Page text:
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After GoDaddy drops Daily Stormer, the neo-Nazi site claims it was hacked by Anonymous

The Daily Stormer has been called the 'top hate site in America.'


Andrew Wyrich


Posted on Aug 14, 2017   Updated on May 22, 2021, 8:41 pm CDT

The Daily Stormer, a notorious neo-Nazi website, was likely not hacked by Anonymous, as a post on the site claims—but it will need to find a new domain provider.

A post on the Daily Stormer claims Anonymous-branded hacktivists now have control of the site, which will be allowed to remain online for 24 hours “so the world can witness the hate.” However, the post appears to be a stunt by the Daily Stormer, which is being dropped by its domain provider, GoDaddy, for posting an article that degraded the woman who was killed on Saturday while protesting a white supremacy rally in Charlottesville, Virginia.

The claim that Anonymous took over the site has been refuted by YourAnonNews, one of the most influential Anonymous-affiliated Twitter accounts. The suspicious post also claims that the hackers are working “in defense of the Jewish people”—an assertion that diverges with other Anonymous messaging and serves to advance anti-Semitic conspiracy theories among the Daily Stormer’s readership.

Anyone can operate under the Anonymous banner, so it’s possible YourAnonNews did not know about this alleged hack. What appears more likely is that the post is an attempt to deflect from the fact that GoDaddy is dropping the Daily Stormer.

GoDaddy told the Daily Stormer it has 24 hours to find another provider after it posted an article about Heather Heyer, 32, who was killed after a car driven by a man with ties to neo-Nazi groups slammed into a crowd of peaceful protesters denouncing the white supremacy rally occurring in the Virginia town.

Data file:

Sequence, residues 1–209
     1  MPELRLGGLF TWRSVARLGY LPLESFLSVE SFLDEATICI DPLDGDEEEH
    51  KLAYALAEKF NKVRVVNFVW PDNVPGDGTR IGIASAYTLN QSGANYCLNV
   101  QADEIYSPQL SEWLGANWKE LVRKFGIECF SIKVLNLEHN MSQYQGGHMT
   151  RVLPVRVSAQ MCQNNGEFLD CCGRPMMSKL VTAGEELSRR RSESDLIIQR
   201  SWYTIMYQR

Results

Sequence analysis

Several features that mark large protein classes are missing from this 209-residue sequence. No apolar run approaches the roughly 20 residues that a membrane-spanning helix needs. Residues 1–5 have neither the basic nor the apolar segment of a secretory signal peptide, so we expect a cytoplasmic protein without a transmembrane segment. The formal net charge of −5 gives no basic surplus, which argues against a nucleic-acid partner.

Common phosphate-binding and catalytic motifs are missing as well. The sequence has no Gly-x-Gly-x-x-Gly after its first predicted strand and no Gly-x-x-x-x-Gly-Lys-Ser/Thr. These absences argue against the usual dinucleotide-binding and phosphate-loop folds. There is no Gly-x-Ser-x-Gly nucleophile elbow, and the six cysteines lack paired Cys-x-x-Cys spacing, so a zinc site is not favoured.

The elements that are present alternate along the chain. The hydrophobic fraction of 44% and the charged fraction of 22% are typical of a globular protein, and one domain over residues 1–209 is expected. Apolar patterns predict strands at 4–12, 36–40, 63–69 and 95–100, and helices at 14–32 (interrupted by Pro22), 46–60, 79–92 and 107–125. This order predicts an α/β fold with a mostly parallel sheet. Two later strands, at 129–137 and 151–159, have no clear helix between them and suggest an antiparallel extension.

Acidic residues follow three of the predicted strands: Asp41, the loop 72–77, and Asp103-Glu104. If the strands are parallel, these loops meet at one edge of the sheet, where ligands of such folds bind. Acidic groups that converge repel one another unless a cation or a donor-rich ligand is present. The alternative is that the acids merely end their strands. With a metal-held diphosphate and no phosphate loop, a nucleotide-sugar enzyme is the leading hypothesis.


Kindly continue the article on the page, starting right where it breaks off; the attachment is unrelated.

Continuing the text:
“We informed the Daily Stormer that they have 24 hours to move the domain to another provider, as they have violated our terms of service,” GoDaddy tweeted.

The Daily Stormer’s post called Heyer’s death a “road rage incident” and mocked her weight, among other things.

A spokesperson for GoDaddy told the Washington Post that the company decided to no longer host the neo-Nazi website because it believed the article could incite more violence.

“Given the Daily Stormer’s latest article comes on the immediate heels of a violent act, we believe this type of article could incite additional violence, which violates our terms of service,” Dan Race, a GoDaddy spokesperson, told the Post.

The suspect who allegedly hit Heyer, 20-year-old James Alex Fields Jr., of Ohio, has been charged with one count of second-degree murder, three counts of malicious wounding, and a hit-and-run charge.

The Southern Poverty Law Center recently called the Daily Stormer the “top hate site in America.”

Update 2:52pm CT, Aug. 14: After the Daily Stormer registered its domain with Google, the internet giant canceled its registration, citing violations to its terms of service.

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*First Published: Aug 14, 2017, 8:36 am CDT